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Professor Robert K. Nelson from the University of Richmond Visits JMU



During the Spring 2019 semester, JMU’s Networked Humanities, a campus-wide initiative sponsored by the College of Arts & Letters, welcomed Robert K. Nelson to campus.


Image: Professor Robert K. Nelson explaining topic modeling and text classification techniques to workshop participants.


 A leading digital humanist and Director of the Digital Scholarship Lab at the University of Richmond, Professor Nelson has earned national recognition for collaborative projects that use digital methods to explore the past in innovative and illuminating ways.


One of his lab’s projects, for example, used a technique known as “topic modeling” to analyze more than 112,000 pieces (consisting of nearly 24 million words) from the Richmond Daily Dispatch during the years of the Civil War. (Read more about the project on the Digital Scholarship Lab website.)




Image: “Mining the Dispatch” by Robert K. Nelson (2010). Detail of one news text of the collection and its topics pie chart.  

 Another influential project used mapping and visualization techniques to study the denial of financial services to inner-city neighborhoods through redlining during the New Deal. 

During his visit to JMU, Professor Nelson discussed these and other projects in two public events: a workshop on topic modeling and text classification techniques and a talk on “The Rewards of Openness,” which explored the value of open sharing of evidence and data within the digital humanities. Specifically, Professor Nelson explored the project Redlining Richmond, a fascinating study of a map and surveys produced during the 1930s that enabled the Home Owners’ Loan Corporation to zone neighborhoods in Richmond for “residential security.” Throughout the talk Professor Nelson showed how the Redlining Richmond project reveals the centrality of race during the politics of the time, and how racial tensions were coded into maps and political discourse.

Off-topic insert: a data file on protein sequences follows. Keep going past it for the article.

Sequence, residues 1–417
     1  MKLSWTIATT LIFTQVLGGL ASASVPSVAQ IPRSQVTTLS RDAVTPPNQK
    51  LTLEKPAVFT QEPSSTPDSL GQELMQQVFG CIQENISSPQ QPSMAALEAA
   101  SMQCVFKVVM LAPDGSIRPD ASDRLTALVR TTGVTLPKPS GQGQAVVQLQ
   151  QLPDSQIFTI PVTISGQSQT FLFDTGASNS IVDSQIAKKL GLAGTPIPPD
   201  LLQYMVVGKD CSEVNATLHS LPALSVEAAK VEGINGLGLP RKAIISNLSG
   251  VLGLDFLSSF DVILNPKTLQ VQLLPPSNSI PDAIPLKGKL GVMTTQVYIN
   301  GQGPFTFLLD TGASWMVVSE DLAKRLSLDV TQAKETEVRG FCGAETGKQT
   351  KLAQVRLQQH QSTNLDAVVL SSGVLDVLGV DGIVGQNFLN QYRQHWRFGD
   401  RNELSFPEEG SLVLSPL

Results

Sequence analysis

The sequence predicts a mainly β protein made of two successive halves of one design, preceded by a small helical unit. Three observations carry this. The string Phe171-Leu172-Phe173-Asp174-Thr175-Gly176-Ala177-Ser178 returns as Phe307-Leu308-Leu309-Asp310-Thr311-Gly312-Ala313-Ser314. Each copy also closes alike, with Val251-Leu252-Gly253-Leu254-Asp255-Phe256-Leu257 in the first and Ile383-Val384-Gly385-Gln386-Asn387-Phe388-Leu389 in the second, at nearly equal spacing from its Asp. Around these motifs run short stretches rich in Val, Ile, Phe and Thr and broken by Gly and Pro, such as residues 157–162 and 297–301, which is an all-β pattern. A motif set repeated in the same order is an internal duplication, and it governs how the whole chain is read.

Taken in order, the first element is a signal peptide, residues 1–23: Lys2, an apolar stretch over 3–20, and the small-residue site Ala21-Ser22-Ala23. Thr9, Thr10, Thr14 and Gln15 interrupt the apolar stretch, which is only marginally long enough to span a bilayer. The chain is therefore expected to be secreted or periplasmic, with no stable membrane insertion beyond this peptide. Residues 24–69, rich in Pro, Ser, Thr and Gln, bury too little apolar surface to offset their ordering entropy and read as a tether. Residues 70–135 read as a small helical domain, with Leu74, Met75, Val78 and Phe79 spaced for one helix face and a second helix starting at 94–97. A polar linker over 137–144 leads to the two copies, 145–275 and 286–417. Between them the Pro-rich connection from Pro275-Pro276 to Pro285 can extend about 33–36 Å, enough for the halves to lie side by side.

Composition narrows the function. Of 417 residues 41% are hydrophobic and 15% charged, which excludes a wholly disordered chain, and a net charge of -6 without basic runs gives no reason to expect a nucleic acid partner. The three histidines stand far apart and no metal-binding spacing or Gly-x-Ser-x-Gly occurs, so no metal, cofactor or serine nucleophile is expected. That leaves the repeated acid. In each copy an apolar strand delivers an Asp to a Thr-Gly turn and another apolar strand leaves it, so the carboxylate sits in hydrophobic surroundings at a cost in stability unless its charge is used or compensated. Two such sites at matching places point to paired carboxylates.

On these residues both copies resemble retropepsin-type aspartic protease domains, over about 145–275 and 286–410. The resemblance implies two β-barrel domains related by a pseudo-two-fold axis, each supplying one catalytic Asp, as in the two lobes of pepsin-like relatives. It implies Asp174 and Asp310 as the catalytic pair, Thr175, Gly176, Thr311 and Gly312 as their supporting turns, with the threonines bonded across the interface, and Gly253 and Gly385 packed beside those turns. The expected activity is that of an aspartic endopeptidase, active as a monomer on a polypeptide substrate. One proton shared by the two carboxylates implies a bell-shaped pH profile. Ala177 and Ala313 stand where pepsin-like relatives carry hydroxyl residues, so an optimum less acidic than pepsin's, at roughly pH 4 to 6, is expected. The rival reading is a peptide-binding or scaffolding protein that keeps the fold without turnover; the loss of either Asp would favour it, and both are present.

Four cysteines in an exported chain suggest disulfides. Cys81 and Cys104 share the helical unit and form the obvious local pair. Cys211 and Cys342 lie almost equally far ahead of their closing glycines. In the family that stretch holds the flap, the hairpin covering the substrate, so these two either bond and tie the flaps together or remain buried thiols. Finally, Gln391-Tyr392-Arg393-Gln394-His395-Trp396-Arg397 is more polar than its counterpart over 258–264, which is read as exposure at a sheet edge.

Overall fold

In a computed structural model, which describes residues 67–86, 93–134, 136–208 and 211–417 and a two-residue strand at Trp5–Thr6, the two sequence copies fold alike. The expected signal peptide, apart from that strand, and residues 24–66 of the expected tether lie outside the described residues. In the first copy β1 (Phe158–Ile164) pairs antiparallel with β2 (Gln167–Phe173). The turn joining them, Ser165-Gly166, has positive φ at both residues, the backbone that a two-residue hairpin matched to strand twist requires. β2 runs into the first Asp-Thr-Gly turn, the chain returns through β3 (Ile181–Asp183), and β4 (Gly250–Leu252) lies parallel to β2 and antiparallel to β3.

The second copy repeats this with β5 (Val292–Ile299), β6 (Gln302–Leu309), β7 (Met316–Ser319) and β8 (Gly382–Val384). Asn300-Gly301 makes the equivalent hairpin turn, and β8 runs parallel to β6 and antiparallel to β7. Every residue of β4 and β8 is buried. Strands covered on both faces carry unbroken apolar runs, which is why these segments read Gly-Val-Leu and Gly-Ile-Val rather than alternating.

Professor Nelson’s visit was a great success. Faculty from ten disciplines attended the workshop, and graduate students, undergraduates, staff and faculty from throughout the College of Arts & Letters attended Professor Nelson’s excellent talk and joined in the lively conversation that followed.